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Breaking taboos about death and dying

Researchers at the Melbourne Ageing Research Collaboration (MARC) are investigating how well Australians communicate about end of life care, and are seeking participants for the project.

The project will also identify the care services provided to residents during the last six months of their lives. Researchers are calling on older people and families to take part by sharing their stories, and help eliminate the taboo surrounding death and dying.

Researcher Sue Williams said end of life care – what it involves and what people want – greatly varied and was important to discuss.

“These conversations are difficult but it is important for people to tell others what preferences they have for their end of life care, know what support is available, and to let doctors and care staff know these preferences,” she said.

“The MARC project was initiated because it was clear that end of life preferences and treatment decisions, medical or otherwise, were not being communicated well.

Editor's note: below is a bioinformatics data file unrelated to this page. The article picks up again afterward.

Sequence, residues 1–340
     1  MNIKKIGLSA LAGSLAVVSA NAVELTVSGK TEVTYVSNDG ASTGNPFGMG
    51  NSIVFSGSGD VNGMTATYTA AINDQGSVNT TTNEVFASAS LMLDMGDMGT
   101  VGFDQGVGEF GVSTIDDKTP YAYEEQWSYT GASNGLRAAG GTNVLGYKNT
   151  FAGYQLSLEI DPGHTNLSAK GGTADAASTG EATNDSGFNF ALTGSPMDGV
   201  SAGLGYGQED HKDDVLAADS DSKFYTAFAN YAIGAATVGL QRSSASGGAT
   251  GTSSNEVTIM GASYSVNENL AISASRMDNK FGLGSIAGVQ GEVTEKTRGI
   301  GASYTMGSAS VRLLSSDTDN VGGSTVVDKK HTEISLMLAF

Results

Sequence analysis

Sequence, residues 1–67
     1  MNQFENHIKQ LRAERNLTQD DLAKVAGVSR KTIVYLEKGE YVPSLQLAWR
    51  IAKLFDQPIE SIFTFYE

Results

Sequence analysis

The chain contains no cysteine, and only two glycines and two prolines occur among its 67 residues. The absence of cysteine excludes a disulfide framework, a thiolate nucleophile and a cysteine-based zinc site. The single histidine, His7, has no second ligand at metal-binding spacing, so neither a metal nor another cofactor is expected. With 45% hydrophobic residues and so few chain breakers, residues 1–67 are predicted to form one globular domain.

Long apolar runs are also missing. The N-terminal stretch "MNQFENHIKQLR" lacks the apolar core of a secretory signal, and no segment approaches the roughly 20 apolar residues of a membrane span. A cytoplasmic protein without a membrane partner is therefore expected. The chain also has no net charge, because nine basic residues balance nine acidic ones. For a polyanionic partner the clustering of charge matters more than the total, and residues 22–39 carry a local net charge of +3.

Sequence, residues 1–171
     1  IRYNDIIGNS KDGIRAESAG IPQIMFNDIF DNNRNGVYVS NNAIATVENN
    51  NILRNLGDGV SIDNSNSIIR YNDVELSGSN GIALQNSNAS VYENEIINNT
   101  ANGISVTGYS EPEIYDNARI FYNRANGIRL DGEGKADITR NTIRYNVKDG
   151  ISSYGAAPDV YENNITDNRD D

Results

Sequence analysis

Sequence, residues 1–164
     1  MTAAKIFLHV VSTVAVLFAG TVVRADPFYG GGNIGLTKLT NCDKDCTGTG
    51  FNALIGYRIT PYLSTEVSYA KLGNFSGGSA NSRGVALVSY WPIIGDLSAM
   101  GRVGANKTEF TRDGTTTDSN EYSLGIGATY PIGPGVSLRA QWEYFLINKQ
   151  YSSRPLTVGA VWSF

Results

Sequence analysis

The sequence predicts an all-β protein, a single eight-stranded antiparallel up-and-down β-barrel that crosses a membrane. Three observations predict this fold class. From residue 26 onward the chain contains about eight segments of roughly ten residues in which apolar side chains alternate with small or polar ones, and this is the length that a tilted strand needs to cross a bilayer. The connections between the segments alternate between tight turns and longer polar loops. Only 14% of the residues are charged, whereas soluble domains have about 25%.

“End of life care may involve multiple services across different settings. If care is not well integrated, and involves duplications, gaps and delays, people and their families can feel distress and frustration.

“The study will help MARC to understand specific gaps and areas of concern to assist in developing ways to improve the care provided.”

According to MARC, in Australia, 60 to 70 per cent of residents want to die at home, but only 14 per cent do. About 54 per cent of residents die in hospitals and 32 per cent in residential aged care facilities.

A team of experts in end of life and palliative care has been established to oversee the MARC project, which will coincide with National Advance Care Planning Week, from April 16 to April 22.

For more information or to participate, call 8387 2614 or visit: www.nari.net.au/marc.

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